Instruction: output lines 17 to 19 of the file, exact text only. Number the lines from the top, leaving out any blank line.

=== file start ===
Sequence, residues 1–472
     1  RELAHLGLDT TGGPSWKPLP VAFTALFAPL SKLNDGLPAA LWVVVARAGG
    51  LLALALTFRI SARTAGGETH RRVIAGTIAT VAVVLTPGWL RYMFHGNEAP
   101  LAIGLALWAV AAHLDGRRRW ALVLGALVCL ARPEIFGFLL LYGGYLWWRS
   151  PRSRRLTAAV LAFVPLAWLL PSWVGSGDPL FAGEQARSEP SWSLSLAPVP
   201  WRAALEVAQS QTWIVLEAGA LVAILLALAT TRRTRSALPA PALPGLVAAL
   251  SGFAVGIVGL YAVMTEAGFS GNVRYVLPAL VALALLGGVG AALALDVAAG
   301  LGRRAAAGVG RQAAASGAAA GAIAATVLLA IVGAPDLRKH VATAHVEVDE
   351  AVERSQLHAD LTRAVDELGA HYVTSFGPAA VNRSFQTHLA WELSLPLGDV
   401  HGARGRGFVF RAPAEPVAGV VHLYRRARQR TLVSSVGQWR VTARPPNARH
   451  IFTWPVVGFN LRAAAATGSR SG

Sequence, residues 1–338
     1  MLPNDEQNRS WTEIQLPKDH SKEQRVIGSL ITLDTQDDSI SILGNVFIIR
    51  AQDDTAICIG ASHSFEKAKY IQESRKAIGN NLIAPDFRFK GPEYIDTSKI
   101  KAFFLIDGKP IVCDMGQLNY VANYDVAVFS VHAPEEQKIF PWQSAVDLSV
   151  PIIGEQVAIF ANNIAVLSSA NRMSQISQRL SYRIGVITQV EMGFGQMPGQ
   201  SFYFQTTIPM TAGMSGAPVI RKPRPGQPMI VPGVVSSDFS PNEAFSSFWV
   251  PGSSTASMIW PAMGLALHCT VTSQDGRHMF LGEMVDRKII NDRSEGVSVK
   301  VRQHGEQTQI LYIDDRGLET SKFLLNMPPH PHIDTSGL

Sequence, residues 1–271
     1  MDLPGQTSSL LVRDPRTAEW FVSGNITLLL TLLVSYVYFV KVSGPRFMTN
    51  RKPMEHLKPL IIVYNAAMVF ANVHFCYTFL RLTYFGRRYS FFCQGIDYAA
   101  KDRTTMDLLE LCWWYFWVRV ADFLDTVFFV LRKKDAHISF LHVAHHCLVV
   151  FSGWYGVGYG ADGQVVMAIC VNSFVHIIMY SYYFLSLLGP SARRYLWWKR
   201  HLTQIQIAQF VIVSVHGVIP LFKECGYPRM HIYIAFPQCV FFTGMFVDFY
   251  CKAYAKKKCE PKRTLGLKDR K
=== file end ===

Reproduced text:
   201  SFYFQTTIPM TAGMSGAPVI RKPRPGQPMI VPGVVSSDFS PNEAFSSFWV
   251  PGSSTASMIW PAMGLALHCT VTSQDGRHMF LGEMVDRKII NDRSEGVSVK
   301  VRQHGEQTQI LYIDDRGLET SKFLLNMPPH PHIDTSGL